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Wednesday, July 29, 2015

Ben Cubitt From Transplace Interviewed - What Do Carriers Look For in A Shipper

Ben is a very smart person and has been doing this a long time.  However, this is another, yet again, "shipper of choice" interview.  Some good points are made so I thought I would share it.  Although, I must admit, I have no idea what a "fair" rate is especially as it relates to fuel surcharge.  Shouldn't a fair fuel surcharge be to just pay what the fuel costs?


Sunday, July 26, 2015

FTR Responds to 10xLogisticsExpert - Are We Driven by Fear

You may have read my blog posting Another Summer and More Fear from FTR.  I am happy to link back to the thoughtful and well written response from Jonathan Starks on the FTR Blog entitled "Are We Driven by Fear"?

First, he is right, I read a recap and did not listen to the entire webinar so today I went back and listened to the entire replay.  My opinion does not change and here is why.

 The point I was making in my post is threefold:

  • FTR and the "industry" very frequently report "now it is soft" but they predict "sometime in the future" capacity will tighten up and rates will spiral up. (This was exactly the position taken in this webinar)
  • They talk about it as if it is very homogeneous when really it is a lane by lane, area by area phenomenon. 
  • The carriers use this "in the future" research to spin their sales pitch.  Any shipper knows the pitch goes something like this:

Shipper to carrier:  "Wow, seems real soft now and rates have come down in the spot market (per FTR), what can you do to help lower my contract rates?"

Carrier to Shipper:  "Well, yes, may be down now but look at the research (provided by FTR and others), capacity in 2016 is going to tighten dramatically and when that happens rates will spiral up. You, the shipper, need to stick with us now (maybe even give us a cost increase) and we will "stick with you" when spiraling rates occur. 

Now, what comes of this:
  1. Shipper gets scared (thus the fear trade).
  2. Shipper pays more now as "insurance".
  3. The "insurance" never pays off (either the spiraling rates never occur or if they do, the carrier is still back at the table asking for more money). 
OK, so why am I so skeptical of this scenario?  It is really all about who the clients are of any consulting organization. I do not believe you can serve two masters .. absolutely impossible. Yet, some consulting companies try to do this.  Imagine this scenario:

Consulting company "A" gets 50% of their revenues from the carriers and is about to go to market with the following research: 
  1. Trucking capacity is loose and rates have softened dramatically
  2. This is going to exist into the foreseeable future.  We are "long" on the recovery and all indications are a recession is upon us (commodities are slowing, etc.).
  3. Shippers should use this as an immediate opportunity to ask for rate reductions to stay competitive.  Prices are about to fall.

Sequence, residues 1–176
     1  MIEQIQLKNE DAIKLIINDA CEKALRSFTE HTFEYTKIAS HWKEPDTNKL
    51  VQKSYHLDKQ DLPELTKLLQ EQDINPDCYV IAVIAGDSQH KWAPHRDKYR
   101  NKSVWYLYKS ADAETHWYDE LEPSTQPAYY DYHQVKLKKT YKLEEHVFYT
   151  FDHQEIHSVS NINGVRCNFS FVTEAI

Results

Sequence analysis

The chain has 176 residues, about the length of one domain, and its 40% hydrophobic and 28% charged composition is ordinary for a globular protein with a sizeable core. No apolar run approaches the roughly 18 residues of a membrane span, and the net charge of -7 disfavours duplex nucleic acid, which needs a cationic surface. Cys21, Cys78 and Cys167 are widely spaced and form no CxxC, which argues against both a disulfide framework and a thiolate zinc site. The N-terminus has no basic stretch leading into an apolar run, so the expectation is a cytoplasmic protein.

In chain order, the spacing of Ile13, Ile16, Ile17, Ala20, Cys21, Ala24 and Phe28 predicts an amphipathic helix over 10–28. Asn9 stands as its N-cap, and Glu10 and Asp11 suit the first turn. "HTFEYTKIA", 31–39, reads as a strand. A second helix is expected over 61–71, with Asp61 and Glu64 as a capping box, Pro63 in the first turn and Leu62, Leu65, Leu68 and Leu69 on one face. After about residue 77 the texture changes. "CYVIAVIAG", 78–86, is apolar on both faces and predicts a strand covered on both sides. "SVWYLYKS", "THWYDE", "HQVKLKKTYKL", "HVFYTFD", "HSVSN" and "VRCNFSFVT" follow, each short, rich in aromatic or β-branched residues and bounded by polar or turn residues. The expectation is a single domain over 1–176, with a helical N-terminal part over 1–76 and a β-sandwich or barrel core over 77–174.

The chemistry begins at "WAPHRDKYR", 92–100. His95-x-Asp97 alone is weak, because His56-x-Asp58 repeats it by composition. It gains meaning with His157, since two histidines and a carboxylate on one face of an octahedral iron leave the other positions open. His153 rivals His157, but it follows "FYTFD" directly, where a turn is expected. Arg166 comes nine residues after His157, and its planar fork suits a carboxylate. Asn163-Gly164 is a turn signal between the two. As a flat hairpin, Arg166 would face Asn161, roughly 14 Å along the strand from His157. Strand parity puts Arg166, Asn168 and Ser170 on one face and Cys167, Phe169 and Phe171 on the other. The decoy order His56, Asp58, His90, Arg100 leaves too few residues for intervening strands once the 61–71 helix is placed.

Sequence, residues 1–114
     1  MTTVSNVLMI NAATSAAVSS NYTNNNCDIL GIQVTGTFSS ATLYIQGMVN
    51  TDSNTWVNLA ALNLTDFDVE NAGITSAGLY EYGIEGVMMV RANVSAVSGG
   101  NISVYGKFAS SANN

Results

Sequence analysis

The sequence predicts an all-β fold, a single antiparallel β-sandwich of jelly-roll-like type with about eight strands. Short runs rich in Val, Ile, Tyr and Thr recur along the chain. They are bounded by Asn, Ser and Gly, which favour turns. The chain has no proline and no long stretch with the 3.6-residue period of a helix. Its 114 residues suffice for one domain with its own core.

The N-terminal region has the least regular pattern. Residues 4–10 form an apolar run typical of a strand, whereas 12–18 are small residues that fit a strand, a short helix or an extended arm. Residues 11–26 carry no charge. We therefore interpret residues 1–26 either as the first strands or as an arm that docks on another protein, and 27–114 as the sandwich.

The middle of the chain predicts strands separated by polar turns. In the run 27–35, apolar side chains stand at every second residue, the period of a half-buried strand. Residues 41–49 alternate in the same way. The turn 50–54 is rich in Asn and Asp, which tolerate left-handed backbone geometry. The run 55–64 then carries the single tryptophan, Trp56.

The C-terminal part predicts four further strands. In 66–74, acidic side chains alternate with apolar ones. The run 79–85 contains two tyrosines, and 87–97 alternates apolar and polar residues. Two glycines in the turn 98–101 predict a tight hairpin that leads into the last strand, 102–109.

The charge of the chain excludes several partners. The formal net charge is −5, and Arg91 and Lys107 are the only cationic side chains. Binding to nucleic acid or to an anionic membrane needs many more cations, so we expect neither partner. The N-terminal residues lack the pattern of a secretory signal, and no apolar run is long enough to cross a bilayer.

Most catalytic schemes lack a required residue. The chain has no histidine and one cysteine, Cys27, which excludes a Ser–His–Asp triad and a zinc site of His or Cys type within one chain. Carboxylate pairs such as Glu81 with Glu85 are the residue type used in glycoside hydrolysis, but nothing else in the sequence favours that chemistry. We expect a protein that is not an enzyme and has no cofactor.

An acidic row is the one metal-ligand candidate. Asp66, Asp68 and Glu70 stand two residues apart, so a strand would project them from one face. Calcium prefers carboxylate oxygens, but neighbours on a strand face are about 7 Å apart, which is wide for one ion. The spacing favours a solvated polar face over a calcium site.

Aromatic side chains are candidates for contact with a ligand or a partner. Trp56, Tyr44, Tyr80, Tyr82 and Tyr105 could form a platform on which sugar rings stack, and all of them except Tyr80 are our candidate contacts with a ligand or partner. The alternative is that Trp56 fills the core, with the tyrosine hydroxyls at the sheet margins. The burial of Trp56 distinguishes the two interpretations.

What do you think would happen to the "50%" of the revenues that are paid by trucking companies?  I will leave you to answer this question. 

I want to be clear: I think FTR produces the best research in the industry and it is a "must" listen to and a "must read" for anyone dealing with the shipping industry.  

I am merely saying you need to combine this with other research and, more importantly, what you are empirically seeing in the marketplace to determine your overall transportation procurement strategy.  

NOTE:  My comments about "serving two masters" are the whole idea of where the fiduciary responsibility lies.  Think of your investments.  If your investment advisor is paid for, in some part, by a specific mutual fund do you think that investment advisory can truly be "neutral" and "agnostic" in his or her advice?  Again, I leave it to you to answer.  

Saturday, July 18, 2015

DOJ Investigates Airlines - Are the Trucking Companies Next?

A while back I wrote about how I thought executives in the trucking industry were getting dangerously close to collusion as they discussed capacity in the industry.  My comments were around a concept of "signaling".

I am not a lawyer and do not pretend to be one but "signaling" is when one company sends a signal to the other about its intents in terms of key actions effecting pricing.  So, for example, an executive says in an interview in a prominent industry magazine something like, "Until we see better ROI we cannot and will not add capacity to our system".

Ok, what just happened?  He essentially told his competitors two things which normally a company, especially a private one, would want to keep private.  He (or She) said:  "I am restricting capacity and raising rates".   Now, the executive on the other end knows he or she can do exactly the same thing and voila!  you know have thinly veiled collusion.

See the graph below, from the article cited below, which displays the profitability of the airline companies who publicly "restrict capacity":



I was thinking about this yesterday as I read in Bloomberg BusinessWeek an article about the FTC complaint against the airlines entitled "What Does it Take To Prove Airline Collusion"?  The core of the matter is what they call "unlawful coordination". A line from that article:
"A trigger may have been the June meeting ... where airline executives talked openly about 'capacity discipline', a not so subtle code for limiting the number of seats available" [My comment: thus increasing prices] (Bloomberg Businessweek, July 20, 2015)